Domestic Violence Social Problem

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Domestic Violence as a Social Problem Domestic violence or intimate partner violence has been a social problem for almost as long as humans have inhabited the earth. Domestic violence is often defined as a pattern of abusive tactics aimed to maintain power and control over an intimate partner, such as physical, psychological, sexual, and economic abuse. Like many social problems, domestic violence can happen to anybody and can be perpetrated by anybody. It is generally accepted that as many as 1 in 3 women and 1 in 4 men have experienced some form of physical violence by an intimate partner in their lifetime (Center for Disease Control and Prevention, 2010). Furthermore, it is believed that domestic violence impacts individuals with disabilities…show more content…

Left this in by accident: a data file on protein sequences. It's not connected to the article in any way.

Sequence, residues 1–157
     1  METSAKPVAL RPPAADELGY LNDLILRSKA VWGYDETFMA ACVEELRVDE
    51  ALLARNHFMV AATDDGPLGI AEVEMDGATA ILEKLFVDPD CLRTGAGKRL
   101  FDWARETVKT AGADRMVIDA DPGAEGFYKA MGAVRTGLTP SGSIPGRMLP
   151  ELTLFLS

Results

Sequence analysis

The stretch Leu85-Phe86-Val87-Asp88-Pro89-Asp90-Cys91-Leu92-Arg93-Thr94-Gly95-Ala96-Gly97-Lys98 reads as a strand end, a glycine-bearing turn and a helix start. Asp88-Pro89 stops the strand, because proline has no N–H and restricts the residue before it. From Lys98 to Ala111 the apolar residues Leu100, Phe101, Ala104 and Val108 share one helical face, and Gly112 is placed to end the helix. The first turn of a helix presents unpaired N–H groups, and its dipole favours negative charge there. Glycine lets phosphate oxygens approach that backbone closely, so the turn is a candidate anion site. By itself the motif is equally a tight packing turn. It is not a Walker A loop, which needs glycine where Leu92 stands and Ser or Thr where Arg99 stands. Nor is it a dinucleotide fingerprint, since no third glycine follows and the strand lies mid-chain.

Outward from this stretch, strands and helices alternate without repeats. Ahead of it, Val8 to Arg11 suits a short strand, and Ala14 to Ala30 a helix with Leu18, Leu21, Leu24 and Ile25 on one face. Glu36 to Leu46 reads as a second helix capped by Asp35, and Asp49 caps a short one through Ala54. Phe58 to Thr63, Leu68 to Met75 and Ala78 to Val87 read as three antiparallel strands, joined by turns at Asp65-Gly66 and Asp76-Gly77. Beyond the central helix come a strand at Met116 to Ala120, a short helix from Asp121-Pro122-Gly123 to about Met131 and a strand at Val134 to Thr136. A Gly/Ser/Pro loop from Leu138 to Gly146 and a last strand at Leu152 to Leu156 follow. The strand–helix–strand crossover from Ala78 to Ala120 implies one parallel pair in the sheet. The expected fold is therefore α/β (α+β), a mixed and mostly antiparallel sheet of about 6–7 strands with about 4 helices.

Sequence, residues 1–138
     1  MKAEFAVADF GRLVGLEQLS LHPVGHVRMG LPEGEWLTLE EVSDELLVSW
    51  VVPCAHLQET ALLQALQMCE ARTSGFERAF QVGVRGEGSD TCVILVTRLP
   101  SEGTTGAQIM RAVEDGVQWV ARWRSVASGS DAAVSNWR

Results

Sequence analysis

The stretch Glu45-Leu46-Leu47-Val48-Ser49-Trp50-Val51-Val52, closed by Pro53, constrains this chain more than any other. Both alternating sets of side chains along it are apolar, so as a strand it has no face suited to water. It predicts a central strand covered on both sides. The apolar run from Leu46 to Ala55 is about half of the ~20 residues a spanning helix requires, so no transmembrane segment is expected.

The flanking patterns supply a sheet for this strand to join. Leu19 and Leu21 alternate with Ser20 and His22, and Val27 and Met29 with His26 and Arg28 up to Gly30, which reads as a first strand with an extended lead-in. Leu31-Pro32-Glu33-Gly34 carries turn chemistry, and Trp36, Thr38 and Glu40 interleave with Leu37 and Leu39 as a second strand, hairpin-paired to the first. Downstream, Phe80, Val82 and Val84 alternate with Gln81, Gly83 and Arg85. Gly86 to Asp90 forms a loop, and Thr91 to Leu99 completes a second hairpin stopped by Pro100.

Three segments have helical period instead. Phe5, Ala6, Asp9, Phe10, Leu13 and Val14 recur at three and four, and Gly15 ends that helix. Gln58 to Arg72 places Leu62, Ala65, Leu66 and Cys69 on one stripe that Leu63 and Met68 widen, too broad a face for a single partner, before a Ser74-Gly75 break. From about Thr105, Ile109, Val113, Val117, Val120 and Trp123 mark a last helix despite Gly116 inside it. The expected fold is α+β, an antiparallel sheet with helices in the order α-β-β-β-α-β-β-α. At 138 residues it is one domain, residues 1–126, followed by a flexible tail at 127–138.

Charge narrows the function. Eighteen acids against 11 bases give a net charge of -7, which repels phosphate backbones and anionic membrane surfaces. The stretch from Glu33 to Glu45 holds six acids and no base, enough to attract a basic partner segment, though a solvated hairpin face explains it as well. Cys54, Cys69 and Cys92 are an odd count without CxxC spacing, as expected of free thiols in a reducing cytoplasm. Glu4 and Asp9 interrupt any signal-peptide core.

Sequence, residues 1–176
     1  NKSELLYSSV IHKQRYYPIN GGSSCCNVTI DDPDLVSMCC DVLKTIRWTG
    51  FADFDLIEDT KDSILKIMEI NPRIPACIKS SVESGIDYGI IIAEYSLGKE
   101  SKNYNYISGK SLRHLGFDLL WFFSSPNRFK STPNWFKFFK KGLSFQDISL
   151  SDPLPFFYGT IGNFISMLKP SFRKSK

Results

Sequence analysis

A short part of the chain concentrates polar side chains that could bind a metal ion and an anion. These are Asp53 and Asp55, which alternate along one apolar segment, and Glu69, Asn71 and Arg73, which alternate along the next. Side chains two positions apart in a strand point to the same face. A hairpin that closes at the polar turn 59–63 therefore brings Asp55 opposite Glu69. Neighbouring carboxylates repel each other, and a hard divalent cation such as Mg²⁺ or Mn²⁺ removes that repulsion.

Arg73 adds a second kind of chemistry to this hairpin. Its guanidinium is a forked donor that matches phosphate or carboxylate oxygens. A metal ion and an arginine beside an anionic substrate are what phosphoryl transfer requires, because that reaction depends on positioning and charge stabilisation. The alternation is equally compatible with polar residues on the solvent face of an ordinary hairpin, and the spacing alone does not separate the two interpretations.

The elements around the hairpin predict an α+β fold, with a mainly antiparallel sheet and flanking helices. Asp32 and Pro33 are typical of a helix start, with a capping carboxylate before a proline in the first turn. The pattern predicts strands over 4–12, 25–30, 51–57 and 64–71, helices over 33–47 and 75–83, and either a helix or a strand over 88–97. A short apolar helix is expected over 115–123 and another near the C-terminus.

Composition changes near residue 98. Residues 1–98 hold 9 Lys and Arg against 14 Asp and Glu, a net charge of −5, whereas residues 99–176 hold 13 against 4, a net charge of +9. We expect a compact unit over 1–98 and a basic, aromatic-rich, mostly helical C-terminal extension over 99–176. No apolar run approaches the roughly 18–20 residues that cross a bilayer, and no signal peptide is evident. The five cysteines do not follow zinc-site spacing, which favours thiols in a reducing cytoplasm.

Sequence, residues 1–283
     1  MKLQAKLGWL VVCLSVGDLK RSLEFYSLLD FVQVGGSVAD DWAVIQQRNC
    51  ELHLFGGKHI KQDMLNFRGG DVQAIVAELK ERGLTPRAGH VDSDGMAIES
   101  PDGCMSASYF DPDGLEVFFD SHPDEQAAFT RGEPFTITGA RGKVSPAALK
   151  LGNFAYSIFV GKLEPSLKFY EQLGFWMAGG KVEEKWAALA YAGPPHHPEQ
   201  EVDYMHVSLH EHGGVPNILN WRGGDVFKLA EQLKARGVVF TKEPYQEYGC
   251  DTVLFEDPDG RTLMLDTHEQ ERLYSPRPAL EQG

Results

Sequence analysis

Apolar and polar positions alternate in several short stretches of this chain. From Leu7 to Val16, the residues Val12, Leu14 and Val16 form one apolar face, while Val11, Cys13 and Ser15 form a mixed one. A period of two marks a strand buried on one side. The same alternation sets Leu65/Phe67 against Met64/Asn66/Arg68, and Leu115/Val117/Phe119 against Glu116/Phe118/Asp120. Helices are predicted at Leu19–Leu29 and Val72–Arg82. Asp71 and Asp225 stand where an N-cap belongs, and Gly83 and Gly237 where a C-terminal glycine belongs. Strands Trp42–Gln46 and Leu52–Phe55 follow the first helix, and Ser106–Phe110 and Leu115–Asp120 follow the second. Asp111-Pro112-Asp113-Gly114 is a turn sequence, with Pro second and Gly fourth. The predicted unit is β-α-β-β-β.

This may be the result of the lack of differences among the help-seeking behavior and requested services of survivors across identities. For example, one study found that LGBTQ individuals have sought help at rates similar to their cisgender, heterosexual counterparts (Turell & Cornell-Swanson, 2005). With that being said, the study also reported a low rating of helpfulness of service providers from this group (Turell & Cornell-Swanson, 2005). LGBTQ indidivuals reported that domestic violence programs, police, attorneys, and clergy were the least helpful when seeking help related to a violent incident, while family and friends were able to satisfy their needs (Turell & Cornell-Swanson, 2005). While this could be interpreted as a lack of response from these agencies regarding domestic violence towards LGBTQ individuals, it should also be noted that some of these agencies receive low ratings of helpfulness from survivors across all identities. For example, the police response to domestic violence has long been criticized by survivors of partner violence (Li et al., 2015). In some ways, the police response to domestic violence has even worsened since the implementation of VAWA with mandatory arrest policies disproportionately impacting women and other minorities (Qtd. in Li et al., 2015; Sudbury, 2003). Furthermore, Chen & Ullman predicted that the police response to sexual and domestic violence is greatly influenced by myths perpetrated by rape culture such as disbelief of victims (Chen & Ullman, 2014). One benefit and service related to VAWA that has received a lot of criticism from intersectional analysts is shelter services. Shelter services are typically gender-based services (Turell & Cornell-Swanson, 2005). Despite VAWA requiring an alternative service of equal opportunity being offered, LGBTQ
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